How is potentially (I say potentially since it's not written in the law, and this is based on fears of what might be, rather than direct wording on paper)... How is potentially losing public funding even on the same level as having a law that directly states in no uncertain terms that a person will lose the right to marry?

As a straight woman, I've always taken my right to marry for granted. I've always know that someday, if I fall in love with the right man, I'll marry, and we'll have a home together. Our marriage will be protected by the law, and everyone will recognize us legally as a family when we have kids. It never even occured to me that such rights could be taken away.

And then I think of my gay friends. They never chose to fall in love with a same-gendered person, and they can't "reform" and choose to fall in love with someone of the opposite gender, no more so than I could choose to fall in love with a woman. But here they are, in love, wanting to marry, but for them, it's not so simple. In two days, their rights might be gone. And a gay woman would not be able to marry the love of her life. She would not be able to make a home for them and have kids, not with legal protections, she can't.

I keep thinking to myself, what did the gay woman do that's so wrong for her to deserve losing these rights that I so easily have? Am I better than her in some way? Have I done something noble to deserve to marry whom I please? Or has she done something bad? What is it about her that is so awful that she's denied rights even hardcore criminals have? Heterosexual drug dealers are free to marry. Heterosexual rapists are free to marry. Heterosexual murderers on death row are free to marry. (And I'd venture to say they're a far greater risk on the sanctimony of marriage than any gay person I know.) But when it comes to gay people, those rights are suddenly subject to public opinion? It's not on the same level as a tax exemption, something that is given to a select few and is not a basic right. It's a right that everyone (or supposedly everyone) born in the U.S. has.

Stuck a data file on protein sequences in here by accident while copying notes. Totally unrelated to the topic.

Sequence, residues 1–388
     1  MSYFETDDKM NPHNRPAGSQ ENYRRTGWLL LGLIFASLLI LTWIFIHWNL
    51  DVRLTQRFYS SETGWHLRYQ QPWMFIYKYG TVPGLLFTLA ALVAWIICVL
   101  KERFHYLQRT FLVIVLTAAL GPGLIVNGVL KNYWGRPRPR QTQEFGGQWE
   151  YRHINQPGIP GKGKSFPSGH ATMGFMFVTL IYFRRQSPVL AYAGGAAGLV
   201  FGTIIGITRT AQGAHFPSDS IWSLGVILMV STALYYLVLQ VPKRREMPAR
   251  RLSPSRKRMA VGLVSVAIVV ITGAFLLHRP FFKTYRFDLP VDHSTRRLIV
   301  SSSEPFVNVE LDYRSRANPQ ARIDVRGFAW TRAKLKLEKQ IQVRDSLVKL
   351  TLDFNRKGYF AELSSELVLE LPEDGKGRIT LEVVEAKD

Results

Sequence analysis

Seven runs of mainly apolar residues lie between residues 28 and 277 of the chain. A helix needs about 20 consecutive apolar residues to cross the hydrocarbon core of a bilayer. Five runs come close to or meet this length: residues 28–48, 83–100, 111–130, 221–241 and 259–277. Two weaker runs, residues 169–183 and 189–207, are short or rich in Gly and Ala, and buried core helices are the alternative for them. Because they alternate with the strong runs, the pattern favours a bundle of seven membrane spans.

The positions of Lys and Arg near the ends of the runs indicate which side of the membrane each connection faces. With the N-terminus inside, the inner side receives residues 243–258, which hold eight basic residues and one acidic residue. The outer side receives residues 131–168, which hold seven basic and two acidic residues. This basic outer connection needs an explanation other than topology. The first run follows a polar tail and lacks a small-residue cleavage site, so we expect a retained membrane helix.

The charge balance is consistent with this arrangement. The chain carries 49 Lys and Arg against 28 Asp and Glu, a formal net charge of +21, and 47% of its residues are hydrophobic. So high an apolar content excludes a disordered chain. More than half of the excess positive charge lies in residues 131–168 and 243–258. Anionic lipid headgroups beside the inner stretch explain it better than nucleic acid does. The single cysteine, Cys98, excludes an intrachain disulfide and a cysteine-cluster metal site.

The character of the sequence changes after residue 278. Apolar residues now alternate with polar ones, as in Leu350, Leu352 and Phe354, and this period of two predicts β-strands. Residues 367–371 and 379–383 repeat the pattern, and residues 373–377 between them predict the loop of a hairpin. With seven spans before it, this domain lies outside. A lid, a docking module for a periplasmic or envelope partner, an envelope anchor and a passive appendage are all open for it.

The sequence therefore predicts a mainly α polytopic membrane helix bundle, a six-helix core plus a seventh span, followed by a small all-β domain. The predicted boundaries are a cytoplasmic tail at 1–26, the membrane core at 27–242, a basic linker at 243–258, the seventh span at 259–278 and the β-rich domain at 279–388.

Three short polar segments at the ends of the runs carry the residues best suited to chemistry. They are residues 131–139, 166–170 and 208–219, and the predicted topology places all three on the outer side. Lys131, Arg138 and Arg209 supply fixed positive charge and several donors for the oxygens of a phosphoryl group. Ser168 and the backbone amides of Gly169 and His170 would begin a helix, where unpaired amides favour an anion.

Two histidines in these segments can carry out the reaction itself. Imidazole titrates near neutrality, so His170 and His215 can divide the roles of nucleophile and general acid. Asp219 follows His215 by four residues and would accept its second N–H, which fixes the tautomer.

If Prop 8 passes, it'll be a crushing blow for my friends, in a way that goes, IMO, far beyond losing a public tax break. And I will be quite nervous by the precedence it sets. The government can directly, and explicitly, take your rights away if someone out there disapproves of your lifestyle, a lifestyle that doesn't hurt anyone. Scary, scary thought.
Reply
:iconobi-quiet:
Obi-quiet Featured By Owner Nov 3, 2008
Because once a church loses their tax exempt status, it becomes much more difficult to build churches, gain land to do so, be recognized by government organizations, and even meet without serious opposition (which under the constitution shouldn't exist-- 1st amendment: Congress shall make no law respecting an establishment of religion, or prohibiting the free exercise thereof; or abridging the freedom of speech, or of the press; or the right of the people peaceably to assemble, and to petition the Government for a redress of grievances). In and of itself, such a status could be considered discrimination in and of itself, but I digress.